If the wireless ethernet adapter is PCMCIA, which is a standard type of slot that has been found in notebook PCs for the last eight or en years (It would have its own antenna), you need to pull the blank PCMCIA slot filler (a piece of plastic that keeps dirt out of the slot) out of the slot, and plug the adapter in. The 1150 has an optional built in wireless card. If this is what you have, you need to open the machine with a small screwdriver that will fit the screws holding the back of the laptop on the machine. If you need to do some disassembly, whatever you do, do not turn the laptop so the keyboard is facing up until the back is securely in place again.
You may wonder why you need to leave the machine face down. If you don't, everything will fall out, and the keyboard keys will go all over the place. Configuration of the wireless adapter is specific to the chip manufacturer and model number. There is a single chip that does the work of the adapter, or perhaps on a wireless card two chips. Linksys has been known to use Realtek chipsets in some of their wireless laptop cards. They have also been known to use chips that are compatible with the Prism 54 driver that is part of the Linux kernel as of 2.6.22, or so.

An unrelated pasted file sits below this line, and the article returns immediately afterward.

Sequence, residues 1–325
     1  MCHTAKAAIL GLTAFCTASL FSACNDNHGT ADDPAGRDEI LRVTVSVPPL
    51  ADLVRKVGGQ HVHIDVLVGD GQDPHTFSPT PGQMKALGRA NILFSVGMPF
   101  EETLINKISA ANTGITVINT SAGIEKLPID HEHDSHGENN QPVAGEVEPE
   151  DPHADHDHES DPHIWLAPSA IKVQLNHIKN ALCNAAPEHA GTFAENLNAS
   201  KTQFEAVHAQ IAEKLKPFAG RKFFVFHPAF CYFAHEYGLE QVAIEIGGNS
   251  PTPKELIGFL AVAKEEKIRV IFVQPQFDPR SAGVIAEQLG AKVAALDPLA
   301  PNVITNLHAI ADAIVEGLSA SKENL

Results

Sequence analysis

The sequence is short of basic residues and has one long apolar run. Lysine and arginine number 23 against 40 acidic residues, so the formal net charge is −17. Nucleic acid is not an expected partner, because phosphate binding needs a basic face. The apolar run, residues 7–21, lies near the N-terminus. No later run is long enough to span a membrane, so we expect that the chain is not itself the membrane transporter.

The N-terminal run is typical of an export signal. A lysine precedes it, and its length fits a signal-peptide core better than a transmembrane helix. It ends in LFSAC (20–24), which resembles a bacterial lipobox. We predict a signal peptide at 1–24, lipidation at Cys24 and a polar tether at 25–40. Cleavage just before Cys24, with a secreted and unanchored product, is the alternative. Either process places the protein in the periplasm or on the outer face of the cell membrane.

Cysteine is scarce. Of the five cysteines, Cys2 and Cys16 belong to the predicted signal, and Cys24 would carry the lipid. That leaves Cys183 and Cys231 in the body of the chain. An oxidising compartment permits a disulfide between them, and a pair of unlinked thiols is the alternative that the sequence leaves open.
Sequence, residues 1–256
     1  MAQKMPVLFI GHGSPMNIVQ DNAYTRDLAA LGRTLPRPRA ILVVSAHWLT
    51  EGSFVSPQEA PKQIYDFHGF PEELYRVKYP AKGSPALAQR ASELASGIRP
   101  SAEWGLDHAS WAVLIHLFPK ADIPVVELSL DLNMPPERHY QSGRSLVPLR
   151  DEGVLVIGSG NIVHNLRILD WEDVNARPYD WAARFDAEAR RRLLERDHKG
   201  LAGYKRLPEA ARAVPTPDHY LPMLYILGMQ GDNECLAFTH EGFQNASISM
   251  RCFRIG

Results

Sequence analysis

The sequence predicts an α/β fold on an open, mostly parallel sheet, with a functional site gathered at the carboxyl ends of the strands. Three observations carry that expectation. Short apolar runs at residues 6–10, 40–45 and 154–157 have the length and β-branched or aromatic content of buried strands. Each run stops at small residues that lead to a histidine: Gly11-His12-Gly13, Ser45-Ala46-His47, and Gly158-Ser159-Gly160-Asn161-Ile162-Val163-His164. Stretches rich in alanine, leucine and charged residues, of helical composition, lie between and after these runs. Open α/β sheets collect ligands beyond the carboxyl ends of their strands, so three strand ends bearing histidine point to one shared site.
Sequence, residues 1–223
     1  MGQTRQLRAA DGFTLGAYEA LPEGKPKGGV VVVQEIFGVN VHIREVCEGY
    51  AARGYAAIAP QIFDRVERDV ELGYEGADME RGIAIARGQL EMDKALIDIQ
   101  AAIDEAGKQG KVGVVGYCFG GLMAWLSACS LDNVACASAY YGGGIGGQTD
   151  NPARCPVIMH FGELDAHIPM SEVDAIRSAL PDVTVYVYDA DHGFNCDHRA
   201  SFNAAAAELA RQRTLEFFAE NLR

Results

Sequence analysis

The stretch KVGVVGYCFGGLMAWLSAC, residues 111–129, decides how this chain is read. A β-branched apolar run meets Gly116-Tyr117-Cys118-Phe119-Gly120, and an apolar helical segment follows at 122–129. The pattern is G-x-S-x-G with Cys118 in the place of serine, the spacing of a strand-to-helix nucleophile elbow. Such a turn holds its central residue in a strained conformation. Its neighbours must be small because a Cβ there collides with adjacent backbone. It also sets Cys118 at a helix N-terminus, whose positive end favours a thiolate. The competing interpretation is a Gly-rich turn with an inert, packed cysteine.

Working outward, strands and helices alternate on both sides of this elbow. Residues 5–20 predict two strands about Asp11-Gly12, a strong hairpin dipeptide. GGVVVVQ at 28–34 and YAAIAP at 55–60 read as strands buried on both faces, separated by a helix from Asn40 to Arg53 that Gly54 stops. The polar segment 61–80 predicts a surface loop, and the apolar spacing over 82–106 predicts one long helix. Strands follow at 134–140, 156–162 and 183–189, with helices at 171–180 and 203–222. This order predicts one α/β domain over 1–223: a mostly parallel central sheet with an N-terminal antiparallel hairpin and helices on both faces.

Fedora is known to compile all ethernet devices into modules, and load the ones that are needed. If your issue is with configuration, Fedora 7 should do this also. I don't know how long you've been using Linux, so it is hard for me to give much detailed info, especially not knowing any details about the problem. I hope some of this has helped you. I'll try to watch this thread.